UPDATE: Here’s the ones with ‘Laird’ in them.

Sold to a Laird (Karen Ranney)
Taken by the Laird (Margo Maguire)
In the Laird’s Bed (Joanne Rock)

6 comments to The Highlander Romance Books

  • K

    My comments:

    1) For me, I’m sure you can guess what images ‘Highlander’ conjures in my mind as soon as I hear it. So to me it’s not just a gendered word, it’s even more specific. I doubt this holds true for all of the romance reading public, but some? Maybe.

    2) I suspect you’d be surprised by the wide time period covered by these sorts of books. It’s not just 100 years or so — much closer to 1000. Say, 1100-1800 as a range.

    3) You left out “Laird” as a search term.

    4) But you shouldn’t limit yourself to romance paperbacks! Just see what you’ve missed in audiobooks: Beyond the Highland Mist, Kiss of the Highlander, The Highlander’s Touch.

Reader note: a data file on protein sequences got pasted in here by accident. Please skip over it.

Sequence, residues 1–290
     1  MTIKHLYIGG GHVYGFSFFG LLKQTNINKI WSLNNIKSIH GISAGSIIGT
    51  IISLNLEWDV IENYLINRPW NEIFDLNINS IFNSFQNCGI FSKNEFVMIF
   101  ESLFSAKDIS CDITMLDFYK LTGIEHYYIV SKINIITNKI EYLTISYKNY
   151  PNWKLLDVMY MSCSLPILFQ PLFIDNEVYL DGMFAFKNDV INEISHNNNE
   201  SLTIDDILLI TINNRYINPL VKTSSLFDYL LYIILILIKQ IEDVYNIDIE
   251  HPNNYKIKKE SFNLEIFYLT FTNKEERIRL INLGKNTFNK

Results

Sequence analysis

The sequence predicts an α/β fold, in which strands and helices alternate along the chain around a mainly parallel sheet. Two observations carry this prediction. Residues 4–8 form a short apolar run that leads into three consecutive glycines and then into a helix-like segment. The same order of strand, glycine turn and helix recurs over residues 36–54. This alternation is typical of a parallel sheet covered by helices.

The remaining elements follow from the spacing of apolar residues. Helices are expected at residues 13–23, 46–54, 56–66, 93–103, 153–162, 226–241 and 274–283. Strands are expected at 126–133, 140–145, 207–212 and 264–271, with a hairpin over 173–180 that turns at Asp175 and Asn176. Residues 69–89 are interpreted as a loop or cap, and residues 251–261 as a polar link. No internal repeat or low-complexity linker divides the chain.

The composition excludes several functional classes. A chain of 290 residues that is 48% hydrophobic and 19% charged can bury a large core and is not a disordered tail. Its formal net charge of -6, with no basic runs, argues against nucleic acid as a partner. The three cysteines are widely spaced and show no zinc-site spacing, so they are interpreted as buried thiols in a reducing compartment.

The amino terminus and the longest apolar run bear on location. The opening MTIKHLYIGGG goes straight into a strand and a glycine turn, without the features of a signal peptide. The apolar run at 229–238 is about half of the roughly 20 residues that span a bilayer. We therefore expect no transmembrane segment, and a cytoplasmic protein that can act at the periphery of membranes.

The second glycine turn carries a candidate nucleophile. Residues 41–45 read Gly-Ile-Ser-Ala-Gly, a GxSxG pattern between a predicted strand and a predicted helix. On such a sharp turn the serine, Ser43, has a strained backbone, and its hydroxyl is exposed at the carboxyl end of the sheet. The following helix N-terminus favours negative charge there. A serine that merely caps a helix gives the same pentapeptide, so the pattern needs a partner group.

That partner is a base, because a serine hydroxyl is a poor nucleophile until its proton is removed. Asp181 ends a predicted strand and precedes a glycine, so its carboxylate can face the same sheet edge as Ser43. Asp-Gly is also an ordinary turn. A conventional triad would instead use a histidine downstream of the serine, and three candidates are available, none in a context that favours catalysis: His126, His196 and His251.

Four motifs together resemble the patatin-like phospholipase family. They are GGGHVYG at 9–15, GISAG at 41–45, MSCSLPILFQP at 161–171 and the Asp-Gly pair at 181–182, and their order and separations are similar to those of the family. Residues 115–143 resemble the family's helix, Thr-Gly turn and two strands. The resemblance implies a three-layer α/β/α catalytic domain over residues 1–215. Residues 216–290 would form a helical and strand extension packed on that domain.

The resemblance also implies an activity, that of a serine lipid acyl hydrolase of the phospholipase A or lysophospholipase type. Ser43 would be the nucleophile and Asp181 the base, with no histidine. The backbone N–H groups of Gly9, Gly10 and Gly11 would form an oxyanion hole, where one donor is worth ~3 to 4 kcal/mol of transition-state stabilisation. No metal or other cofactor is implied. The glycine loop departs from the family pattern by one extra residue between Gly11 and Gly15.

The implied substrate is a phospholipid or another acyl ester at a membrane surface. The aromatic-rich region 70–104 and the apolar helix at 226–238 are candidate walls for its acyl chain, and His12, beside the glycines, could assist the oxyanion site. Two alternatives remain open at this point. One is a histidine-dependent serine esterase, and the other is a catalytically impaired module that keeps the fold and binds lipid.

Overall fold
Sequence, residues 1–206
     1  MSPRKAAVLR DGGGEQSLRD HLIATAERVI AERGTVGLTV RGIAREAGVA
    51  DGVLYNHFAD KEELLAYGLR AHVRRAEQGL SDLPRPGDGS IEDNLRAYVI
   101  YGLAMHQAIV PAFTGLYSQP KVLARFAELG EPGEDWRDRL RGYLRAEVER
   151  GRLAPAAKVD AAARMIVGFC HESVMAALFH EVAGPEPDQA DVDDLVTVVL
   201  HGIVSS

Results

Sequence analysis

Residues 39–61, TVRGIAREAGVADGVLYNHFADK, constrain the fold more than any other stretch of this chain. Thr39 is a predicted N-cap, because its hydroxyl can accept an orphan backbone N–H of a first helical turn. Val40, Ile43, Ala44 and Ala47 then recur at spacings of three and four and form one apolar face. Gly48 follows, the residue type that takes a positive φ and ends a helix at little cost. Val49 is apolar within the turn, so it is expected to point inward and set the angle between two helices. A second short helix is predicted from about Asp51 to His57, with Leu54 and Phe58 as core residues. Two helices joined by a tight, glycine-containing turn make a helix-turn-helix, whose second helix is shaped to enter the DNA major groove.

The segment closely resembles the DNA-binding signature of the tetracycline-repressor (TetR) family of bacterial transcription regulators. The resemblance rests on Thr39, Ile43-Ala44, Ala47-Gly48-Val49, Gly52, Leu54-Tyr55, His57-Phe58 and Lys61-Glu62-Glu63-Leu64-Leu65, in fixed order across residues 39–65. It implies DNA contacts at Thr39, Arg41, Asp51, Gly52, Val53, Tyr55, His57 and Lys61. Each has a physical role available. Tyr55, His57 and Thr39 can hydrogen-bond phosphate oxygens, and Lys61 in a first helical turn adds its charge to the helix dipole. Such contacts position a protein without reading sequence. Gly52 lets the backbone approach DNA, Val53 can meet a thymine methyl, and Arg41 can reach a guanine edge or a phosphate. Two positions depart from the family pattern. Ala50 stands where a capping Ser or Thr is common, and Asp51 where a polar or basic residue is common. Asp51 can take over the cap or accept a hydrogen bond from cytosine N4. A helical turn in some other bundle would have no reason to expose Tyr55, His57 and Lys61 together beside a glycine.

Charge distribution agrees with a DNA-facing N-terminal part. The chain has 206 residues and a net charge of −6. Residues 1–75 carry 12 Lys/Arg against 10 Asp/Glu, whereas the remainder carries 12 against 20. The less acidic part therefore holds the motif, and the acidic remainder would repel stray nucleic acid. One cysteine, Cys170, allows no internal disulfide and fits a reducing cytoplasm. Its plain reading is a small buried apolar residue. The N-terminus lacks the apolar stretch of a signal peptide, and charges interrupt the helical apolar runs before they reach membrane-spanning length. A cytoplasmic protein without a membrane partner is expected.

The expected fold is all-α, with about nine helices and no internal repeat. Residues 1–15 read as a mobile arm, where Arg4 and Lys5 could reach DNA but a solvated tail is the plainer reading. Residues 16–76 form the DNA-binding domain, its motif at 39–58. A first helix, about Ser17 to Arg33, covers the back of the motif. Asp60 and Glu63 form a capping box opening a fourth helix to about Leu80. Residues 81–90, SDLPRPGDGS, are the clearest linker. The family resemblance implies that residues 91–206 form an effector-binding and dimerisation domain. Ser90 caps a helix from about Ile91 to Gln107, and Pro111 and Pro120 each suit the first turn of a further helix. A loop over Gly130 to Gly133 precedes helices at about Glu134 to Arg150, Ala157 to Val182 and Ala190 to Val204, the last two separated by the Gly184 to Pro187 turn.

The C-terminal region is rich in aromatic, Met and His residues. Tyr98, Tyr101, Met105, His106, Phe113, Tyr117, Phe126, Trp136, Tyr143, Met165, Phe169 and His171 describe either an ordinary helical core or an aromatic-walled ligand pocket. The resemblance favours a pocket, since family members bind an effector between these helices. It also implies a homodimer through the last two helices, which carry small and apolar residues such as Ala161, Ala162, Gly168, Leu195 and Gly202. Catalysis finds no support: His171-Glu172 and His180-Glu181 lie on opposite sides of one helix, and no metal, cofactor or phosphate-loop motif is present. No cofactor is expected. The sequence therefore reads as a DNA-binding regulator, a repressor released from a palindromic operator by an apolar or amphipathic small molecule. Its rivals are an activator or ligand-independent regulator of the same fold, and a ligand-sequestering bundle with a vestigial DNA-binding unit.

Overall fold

• Fledgling

    1) Oh, me too. And my second thought after swords, lightning, and ponytails is Brigadoon.

    2) And how different are the ones set in 1100 than the ones set in 1800? They throw in some specific kings or wars or something?

    3) Updated the post with those. Thanks.

    4) I didn’t want to be typing all week! 🙂

  • K

    2) Usually they do attempt to use specific political situations to make the setting more interesting. Any time when Scotland was warring with England is always popular. I’d guess the plot itself tends to be the same (girl captured by Highlander, Highlander flummoxed by girl, sexytimes ensue) but the clothes and the food and the type of housing tends to vary.

  • Bobby